Satellite image of Taj and Agra courtesy of SpaceImaging.com
The Taj Mahal is widely acclaimed as the best example of Mughal tomb architecture, and is indeed famous all over the world as one of India’s most enduring architectural symbols. Begun in the fifth year of the reign of Shah Jahan as a monument to his dead wife Mumtaz Mahal, the Taj is located on the banks of the river Yamuna in Agra.
Image under license with Gettyimages.com
Much has been written about the Taj and its ethereal quality. What is clear from the mass of analyses available is that no consensus exists about the symbology that the composition is supposed to represent. Even scholarly writers are susceptible to hyperbole: “Yet, elusive in scale, it is ambiguous in form: the main arcades express the fusion of the five elements of the hasht behisht; the dome and chhattris express their distinction. And the materials – the water of canal and river – as much as the substance on the terrace – takes this incomparable work even further from the realm of rational analysis. In contrast to the red sandstone mosque and guesthouse flanking it, the mausoleum is built of marble of legendary beauty passing through a range of colors from peach to pearl according to the light of the sun, moon or stars.” *
In plan the Taj composition offsets the chahar bagh preceding the tomb so the garden is no longer in the exact centre of the composition. Both axes of the garden have broad causeways with water channels flanked by cypress trees, and these meet in a raised water body. The north-south axis, however, leading from the main gate to the tomb, has fountains along the water channel to reinforce its centrality. The main axis then leads on to the superstructure, supported on an arcaded platform, is entirely faced with marble, as is the rest of the tomb. A significant improvement over Humayun’s tomb is that the platform is not high enough to mask the lower part of the superstructure and thus the entire building is visible from the entrance gate.
Taj Mahal - Detail of corner of Hasht Behisht courtesy Harneet Bhatia
The hasht behisht – ‘eight paradises’ – is the name given to the eight chambers formed in a typical Islamic tomb type, four created by the crossing of the axes, and four by the diagonal chambers left over. In the Taj the hasht behisht is similar to the one in Humayun’s tomb, but with more emphasis on the axes. The tomb also has a double dome which consists of a lower inner shell and a much higher outer shell. This was done to keep the scale to a reasonable level in the interior. A rich dado of flowering plant motifs runs all around the building. Another remarkable feature of the tomb is of course the richly carved marble screens which ring the cenotaphs (raised marble platforms depicting burial places) of Shah Jahan and his queen.
Two later tombs were clearly inspired by the Taj Mahal. The first is the tomb of Rabi Daurani, wife of Aurangzeb, built at Aurangabad less than thirty years later and the tomb of Safdar Jang, Nawab of Oudh, built in Delhi in the mid-18th century. Unfortunately these do not inspire much admiration, being poor copies of the original. Instead of subtle beauty there is overstated ornament, which does not inspire respect, but contributes instead to an overall weakness of architecture.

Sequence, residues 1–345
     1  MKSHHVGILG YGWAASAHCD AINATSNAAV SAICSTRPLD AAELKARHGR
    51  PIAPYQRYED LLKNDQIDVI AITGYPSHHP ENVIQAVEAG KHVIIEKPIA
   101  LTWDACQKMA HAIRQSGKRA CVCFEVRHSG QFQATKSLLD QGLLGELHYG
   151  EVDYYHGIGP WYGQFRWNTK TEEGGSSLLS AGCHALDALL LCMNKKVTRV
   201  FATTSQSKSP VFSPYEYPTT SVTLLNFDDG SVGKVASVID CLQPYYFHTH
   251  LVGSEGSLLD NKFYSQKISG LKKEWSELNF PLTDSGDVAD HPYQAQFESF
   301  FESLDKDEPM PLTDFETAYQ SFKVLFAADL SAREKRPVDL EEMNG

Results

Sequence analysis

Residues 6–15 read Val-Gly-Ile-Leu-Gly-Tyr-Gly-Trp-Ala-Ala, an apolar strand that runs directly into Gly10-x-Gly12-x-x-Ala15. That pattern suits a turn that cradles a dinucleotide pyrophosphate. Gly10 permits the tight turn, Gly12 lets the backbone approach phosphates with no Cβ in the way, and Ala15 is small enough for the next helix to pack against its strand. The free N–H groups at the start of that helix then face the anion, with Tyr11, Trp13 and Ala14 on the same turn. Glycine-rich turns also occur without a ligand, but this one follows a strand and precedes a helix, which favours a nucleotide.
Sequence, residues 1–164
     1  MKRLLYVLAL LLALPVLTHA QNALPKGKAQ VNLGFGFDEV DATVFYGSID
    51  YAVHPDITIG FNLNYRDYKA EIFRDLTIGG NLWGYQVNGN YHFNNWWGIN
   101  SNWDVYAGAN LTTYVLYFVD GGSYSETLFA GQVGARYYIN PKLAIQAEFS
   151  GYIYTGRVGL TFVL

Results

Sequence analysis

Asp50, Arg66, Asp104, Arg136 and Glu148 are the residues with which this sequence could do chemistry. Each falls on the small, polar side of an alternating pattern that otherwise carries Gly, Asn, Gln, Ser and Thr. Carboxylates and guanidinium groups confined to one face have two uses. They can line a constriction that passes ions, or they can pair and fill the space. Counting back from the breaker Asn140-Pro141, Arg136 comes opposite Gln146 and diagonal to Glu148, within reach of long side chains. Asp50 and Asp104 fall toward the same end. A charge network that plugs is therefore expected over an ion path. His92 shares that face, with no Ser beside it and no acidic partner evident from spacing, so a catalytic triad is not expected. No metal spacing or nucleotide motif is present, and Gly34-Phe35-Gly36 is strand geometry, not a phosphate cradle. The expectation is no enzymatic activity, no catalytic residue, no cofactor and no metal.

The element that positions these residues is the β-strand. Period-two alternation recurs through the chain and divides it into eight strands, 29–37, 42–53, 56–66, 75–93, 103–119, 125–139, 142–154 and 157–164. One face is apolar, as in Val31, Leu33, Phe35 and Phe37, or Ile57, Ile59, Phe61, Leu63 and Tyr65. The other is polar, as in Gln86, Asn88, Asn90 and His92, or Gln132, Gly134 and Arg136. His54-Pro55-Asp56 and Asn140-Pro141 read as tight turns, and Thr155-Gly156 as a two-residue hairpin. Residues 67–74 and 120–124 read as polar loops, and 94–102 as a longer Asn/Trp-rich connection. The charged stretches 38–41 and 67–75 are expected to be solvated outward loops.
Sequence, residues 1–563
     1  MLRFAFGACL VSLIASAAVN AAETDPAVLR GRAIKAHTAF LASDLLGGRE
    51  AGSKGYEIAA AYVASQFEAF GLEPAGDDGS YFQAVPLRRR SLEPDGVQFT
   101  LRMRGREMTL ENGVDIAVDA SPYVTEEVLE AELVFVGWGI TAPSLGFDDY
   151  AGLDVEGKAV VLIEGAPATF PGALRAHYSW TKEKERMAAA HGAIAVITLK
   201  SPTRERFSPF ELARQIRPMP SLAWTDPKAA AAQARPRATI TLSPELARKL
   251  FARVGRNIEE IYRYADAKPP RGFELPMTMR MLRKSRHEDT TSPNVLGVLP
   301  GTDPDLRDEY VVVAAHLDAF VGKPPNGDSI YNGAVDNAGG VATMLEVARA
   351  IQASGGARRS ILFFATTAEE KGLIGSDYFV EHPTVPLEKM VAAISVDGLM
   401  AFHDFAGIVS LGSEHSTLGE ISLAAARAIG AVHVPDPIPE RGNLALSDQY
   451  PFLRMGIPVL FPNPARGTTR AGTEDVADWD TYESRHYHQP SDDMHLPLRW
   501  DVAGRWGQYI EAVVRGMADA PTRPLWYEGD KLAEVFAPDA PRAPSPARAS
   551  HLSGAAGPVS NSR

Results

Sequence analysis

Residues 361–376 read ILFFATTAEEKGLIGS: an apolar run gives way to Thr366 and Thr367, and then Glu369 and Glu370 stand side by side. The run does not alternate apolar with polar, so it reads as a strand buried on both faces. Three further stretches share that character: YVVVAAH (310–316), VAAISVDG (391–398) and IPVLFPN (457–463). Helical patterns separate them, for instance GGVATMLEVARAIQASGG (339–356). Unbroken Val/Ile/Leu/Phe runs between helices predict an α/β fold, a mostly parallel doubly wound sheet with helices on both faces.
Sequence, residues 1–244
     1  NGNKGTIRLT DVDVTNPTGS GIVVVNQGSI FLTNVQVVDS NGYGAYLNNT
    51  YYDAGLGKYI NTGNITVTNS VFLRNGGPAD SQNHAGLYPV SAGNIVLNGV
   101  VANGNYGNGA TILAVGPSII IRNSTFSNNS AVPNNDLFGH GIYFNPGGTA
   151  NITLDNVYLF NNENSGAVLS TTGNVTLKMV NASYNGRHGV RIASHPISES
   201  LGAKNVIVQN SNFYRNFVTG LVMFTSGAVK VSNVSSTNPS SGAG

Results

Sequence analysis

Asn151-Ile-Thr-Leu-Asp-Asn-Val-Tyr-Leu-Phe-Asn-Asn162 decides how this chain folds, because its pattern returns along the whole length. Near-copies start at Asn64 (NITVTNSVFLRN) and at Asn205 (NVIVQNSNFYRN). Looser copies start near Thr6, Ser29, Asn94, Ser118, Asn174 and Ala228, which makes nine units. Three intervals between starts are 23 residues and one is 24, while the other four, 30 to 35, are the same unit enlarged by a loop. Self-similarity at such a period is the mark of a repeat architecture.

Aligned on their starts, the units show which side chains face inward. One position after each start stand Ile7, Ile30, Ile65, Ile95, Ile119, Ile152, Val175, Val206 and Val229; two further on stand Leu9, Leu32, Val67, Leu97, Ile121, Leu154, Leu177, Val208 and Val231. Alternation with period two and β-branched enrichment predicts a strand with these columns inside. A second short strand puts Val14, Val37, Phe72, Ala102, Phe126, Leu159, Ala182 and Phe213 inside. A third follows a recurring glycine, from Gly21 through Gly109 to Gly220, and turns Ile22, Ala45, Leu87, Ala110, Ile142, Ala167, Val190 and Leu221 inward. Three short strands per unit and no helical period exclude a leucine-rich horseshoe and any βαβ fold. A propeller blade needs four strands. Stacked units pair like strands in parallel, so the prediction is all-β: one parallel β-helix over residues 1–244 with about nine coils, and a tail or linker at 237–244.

An architectural write-up on the Taj cannot be complete without a word on the issues affecting it today. The first, of course, and the most prominent, is the furor over acid pollutants from industries in and around Agra severely affecting the marble of the tomb. A Supreme Court directive ordered that these industries should clean up their act. This apparently sound decision has raised the hackles of some conservationists and social activists, who argue that a blanket ban on polluting industries is simplistic and does not take into account the complex socio-economic structure of the city. Banning industry per se will lead to loss of jobs and so another, more sensitive solution should be found.
Another issue is that of cultural significance. Cultural significance is defined as the unique blend of social, historical and ethnological factors that give a place its particular character and appeal. In the case of Agra, its cultural significance is that of an ancient Indian city which has been the seat of power of the Mughals for many years, thus leaving behind a distinct culture and architecture.
The Taj is not the only thing in Agra of significance, yet its preponderance and a massive influx of tourists means that traditional professions and craft skills in the city are in danger, with a larger and larger percentage of the population turning to the tourism industry to make a livelihood. This fact is changing Agra so that it is in danger of losing its unique cultural specificity. The recent Taj Heritage Corridor proposal was struck down precisely because it did not adequately investigate future ramifications.
Tourism thus can be a danger if not sensitively incorporated into existing local culture, and can in extreme cases change the very nature of the object of attraction – in this case the city of Agra and the Taj.
I would like to thank Harneet Bhatia, Architect, for letting me use his excellent pictures of the Taj.
*. Tadgell, C. The History of Architecture in India, Viking, New Delhi, 1990.